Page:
How can a book be hilarious and heartbreaking at the same time? In Jane Gardam’s hands, this epistolary novel never takes a pot-shot at anyone (without good cause), but becomes increasingly specific, focusing especially on how women of a certain age manage their falling-apart lives. All kinds of lives are looked at: those who left; those who stayed; those who worked; those who did not. There is a distressing yet comforting sense of being a victim at a disaster, being looked after by those very same women of a certain age, all of whom have seen your life and others far worse—their own, perhaps—and who are willing to wrap their experience and compassion about one like a newly-sewn quilt, beautiful and awesome, and sometimes painful to behold.Why painful? Because of all the work, mistakes, choices, energy that goes into making a quilt. Sometimes it’s a success, sometimes it isn’t. But sometimes we won’t know this until it is done. This book is also like a quilt, in that set pieces are created, and we laugh with jollity at the cleverness of the creation. When, finally, the time comes to stitch the pieces together, the whole suddenly becomes something else altogether and we stand mute at the meaning and magnificence of what Gardam has managed to do.Our narrator, Eliza Peabody, begins to write letters to Joan, the woman living down the street. Eliza does not know Joan very well, but has come to have opinions about her, and feels it quite within her area of expertise to offer advice on her marriage, on her state of wellness, on her husband. She begins broadly, with two paragraphs one February, signing it Eliza (Peabody) and progresses, with increasing familiarity, through “Your sincere friend,” and “Your affectionate friend,” to “E,” and finally, dropping the signature altogether. The letters become much longer and more intimate. Joan, meanwhile, leaves the country and never responds to Eliza over the years of the correspondence. What we learn about Eliza, then, is all there is. She is generous, thankfully, for it is her perceptions that guide us through the lives of her neighbors, her husband’s infidelities, her own housekeeping failures. She makes us laugh, cry, and beg for mercy. She makes me realize that Jane Gardam should be a household name and celebrated widely throughout the world. She is a national treasure.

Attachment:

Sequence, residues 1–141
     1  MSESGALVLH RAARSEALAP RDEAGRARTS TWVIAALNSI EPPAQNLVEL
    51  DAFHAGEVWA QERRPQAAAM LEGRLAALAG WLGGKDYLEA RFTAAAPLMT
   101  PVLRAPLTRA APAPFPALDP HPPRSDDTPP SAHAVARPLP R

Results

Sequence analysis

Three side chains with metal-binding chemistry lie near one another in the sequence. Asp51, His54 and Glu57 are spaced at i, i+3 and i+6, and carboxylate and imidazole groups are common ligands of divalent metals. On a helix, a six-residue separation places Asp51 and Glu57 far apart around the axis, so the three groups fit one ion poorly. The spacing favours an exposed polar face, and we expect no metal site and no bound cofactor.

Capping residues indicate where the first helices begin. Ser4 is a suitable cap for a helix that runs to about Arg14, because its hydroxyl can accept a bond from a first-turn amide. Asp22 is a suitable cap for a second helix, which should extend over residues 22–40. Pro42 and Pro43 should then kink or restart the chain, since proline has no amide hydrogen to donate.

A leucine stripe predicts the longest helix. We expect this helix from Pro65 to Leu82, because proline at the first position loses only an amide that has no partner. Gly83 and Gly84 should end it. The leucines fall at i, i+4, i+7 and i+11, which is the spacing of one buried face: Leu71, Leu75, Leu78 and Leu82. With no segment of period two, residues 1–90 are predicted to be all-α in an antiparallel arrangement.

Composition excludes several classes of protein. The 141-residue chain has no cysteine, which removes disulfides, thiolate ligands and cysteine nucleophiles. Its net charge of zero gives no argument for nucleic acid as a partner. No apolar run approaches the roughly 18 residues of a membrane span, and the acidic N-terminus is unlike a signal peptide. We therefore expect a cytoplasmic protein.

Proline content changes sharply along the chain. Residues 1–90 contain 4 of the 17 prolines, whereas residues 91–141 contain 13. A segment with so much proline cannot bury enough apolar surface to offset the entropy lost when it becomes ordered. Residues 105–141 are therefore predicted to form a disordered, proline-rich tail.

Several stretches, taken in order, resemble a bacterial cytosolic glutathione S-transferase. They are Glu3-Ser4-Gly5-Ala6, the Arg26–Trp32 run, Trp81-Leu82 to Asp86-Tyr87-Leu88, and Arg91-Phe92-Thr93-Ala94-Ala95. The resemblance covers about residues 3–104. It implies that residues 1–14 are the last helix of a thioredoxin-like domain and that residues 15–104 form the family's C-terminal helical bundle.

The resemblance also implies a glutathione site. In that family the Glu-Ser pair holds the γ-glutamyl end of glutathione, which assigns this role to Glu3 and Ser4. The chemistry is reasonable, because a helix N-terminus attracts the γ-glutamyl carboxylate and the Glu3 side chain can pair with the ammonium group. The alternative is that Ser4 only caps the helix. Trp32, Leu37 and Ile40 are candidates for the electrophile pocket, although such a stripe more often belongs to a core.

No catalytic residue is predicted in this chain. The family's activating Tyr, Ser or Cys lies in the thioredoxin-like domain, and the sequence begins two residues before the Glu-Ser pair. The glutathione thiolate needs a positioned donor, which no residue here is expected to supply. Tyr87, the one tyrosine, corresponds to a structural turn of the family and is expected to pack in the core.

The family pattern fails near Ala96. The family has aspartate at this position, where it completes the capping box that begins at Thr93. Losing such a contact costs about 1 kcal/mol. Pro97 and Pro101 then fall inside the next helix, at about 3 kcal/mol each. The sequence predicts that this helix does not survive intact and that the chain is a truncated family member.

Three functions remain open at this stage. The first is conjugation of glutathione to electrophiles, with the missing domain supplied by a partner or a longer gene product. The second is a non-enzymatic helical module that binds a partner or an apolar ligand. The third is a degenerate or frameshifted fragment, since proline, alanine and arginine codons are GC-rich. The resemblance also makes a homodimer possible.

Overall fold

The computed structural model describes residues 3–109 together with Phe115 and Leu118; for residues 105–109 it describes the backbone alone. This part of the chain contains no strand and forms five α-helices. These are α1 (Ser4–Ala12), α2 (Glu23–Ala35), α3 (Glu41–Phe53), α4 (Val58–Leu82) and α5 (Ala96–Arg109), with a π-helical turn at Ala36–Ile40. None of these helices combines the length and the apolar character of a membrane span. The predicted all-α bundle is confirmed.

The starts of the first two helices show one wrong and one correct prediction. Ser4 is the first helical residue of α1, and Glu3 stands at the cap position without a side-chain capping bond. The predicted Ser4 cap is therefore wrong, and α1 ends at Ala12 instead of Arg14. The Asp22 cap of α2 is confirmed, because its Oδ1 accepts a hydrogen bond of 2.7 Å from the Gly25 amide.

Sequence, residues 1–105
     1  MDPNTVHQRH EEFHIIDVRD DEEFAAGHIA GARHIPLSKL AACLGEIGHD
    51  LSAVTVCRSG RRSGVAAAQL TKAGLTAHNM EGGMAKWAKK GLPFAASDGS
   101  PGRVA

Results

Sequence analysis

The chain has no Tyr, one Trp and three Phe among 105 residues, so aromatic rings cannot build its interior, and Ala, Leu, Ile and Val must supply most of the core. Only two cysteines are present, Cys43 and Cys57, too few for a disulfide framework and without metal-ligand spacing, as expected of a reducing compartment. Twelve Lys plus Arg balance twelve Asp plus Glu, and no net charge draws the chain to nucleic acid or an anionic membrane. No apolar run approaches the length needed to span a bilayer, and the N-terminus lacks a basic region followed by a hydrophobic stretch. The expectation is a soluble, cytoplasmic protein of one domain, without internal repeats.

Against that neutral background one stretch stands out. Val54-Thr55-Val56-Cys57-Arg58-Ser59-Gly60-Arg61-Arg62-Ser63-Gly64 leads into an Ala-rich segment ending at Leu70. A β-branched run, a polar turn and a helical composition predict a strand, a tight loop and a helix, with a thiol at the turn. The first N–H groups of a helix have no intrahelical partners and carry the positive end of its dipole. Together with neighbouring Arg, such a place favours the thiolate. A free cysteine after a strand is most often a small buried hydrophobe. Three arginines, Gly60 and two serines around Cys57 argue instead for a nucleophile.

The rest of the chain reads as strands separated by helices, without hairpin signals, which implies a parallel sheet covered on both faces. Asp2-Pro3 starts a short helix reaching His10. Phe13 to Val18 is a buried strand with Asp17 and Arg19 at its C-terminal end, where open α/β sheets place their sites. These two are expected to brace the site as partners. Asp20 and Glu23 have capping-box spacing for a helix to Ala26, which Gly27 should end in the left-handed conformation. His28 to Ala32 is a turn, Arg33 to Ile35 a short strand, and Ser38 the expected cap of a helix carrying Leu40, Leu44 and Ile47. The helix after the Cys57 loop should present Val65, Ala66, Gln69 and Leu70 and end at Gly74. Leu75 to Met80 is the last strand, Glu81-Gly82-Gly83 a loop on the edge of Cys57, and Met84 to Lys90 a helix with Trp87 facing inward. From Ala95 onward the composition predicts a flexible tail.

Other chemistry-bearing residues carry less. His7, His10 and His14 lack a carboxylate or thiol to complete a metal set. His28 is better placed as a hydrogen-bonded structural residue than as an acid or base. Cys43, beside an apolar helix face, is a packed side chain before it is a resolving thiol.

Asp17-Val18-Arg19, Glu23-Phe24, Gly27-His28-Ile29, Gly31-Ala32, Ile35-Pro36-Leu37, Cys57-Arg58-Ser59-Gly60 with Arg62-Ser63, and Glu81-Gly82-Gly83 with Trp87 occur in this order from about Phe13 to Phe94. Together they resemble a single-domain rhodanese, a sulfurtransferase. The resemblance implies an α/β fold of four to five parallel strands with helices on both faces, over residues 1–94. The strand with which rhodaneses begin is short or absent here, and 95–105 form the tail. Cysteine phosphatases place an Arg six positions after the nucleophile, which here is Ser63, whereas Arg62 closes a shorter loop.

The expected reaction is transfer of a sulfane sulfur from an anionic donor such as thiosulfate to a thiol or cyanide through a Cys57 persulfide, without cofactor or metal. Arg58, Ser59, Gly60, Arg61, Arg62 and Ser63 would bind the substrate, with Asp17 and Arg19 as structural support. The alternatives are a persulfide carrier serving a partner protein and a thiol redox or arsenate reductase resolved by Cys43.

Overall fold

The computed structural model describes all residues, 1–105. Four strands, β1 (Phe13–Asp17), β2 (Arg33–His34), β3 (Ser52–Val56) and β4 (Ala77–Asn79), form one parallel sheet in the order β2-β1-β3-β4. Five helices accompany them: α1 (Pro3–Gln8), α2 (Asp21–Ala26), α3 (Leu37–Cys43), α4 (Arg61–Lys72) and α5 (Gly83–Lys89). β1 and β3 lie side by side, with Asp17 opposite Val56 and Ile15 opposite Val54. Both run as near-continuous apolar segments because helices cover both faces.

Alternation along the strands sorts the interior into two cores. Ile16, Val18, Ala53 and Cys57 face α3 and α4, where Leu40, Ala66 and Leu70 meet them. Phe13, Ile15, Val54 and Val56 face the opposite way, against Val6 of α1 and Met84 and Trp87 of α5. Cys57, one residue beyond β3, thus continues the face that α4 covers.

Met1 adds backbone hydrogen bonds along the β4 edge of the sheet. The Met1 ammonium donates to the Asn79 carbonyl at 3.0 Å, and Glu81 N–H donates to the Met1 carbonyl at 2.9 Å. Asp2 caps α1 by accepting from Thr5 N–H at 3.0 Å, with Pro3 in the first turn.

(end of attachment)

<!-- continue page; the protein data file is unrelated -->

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Reviews
Cheryl